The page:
Penticton: city that sued itself

Dear Editor:

Those of us that have reached the senior’s stage in life will recall classic slap stick comedies like “The Three Stooges”, “Abbott and Costello”, “Monty Python’s Flying Circus” and more recently ”Mr. Bean.”

I guess that they were considered humorous because the situations and participants were so ridiculous. It now seems that these “so called” classics were pikers when compared to the comic opera that is now being played out at Penticton city hall.

The script proceeds as follows:

Act 1: The Mayor, in spite of major opposition and protests, previous failed similar enterprises, and a costly failed lease agreement to do with dormitories (known as the Ekhart Avenue dormitory fiasco), proceeds to sign an agreement to lease out parkland for a waterslide. The revenue that the City receives from the waterslides, if any, will be used to purchase future parkland. In other words we are taking a risk to raise money to buy what we already had and lost in the leasing agreement. I may be losing it, but the logic here escapes me.

Act 2: The Mayor, in spite of signing the lease agreement rather than conducting further study and holding a referendum as requested by many residents, announces that a committee will be struck to study future parkland activities. Of course he will appoint the committee, and their findings will undoubtedly be non-binding. In politics this is known as creating a smoke screen diversion. Talk about closing the barn door after the horse is long gone.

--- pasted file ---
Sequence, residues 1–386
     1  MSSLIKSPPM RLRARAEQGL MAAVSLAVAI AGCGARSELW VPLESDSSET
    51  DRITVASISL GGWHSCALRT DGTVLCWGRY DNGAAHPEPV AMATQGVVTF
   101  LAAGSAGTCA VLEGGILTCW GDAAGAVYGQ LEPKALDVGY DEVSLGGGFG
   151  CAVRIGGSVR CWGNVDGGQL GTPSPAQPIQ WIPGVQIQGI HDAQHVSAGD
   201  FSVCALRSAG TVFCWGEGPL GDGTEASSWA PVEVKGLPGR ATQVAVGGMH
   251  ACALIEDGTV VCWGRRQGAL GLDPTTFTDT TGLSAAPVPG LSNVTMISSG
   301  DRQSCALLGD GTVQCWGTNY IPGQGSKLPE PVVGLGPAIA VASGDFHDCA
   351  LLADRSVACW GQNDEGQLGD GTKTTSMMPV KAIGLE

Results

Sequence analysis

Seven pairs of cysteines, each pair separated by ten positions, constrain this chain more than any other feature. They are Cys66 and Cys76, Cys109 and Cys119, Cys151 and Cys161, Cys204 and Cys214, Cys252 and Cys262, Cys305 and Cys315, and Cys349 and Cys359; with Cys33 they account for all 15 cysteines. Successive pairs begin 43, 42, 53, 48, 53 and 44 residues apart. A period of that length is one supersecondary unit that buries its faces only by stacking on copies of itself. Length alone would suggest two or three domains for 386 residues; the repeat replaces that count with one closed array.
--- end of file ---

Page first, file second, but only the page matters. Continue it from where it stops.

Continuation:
Act 3: Various subplots develop such as the Mayor’s temporary loss of memory to do with non-disclosure agreements that apparently cannot be found, and allegations of liberties being taken by city staff. More smoke and mirrors.

Act 4: The public citizens that oppose the loss of parkland and fearing monetary loss, begin to raise money to hire a lawyer to sue the City and prevent the project from proceeding. In effect, we are essentially suing ourselves as the mayor and council are supposedly our employees and representatives, and our tax dollars are being used to pay for the defense. This may be the first recorded incident of a city suing itself, and may be the mayor’s legacy for his hopefully brief term in office.

Act 5: To be determined.

I would suggest that the mayor and council take this comic opera on a three-year road show, as I’m sure that it will perform to rave reviews. Perhaps the mayor will be asked to appear on one of the late night talk shows in the U.S. similar to Rob Ford, the ex-Toronto mayor. He could be cast as the mayor of the city that sued itself.

While all the notoriety may be embarrassing, as they say in politics, any publicity is good publicity. It may even attract some of those sought-after tourists that will come to visit “the city that sued itself.”

Claude Bergman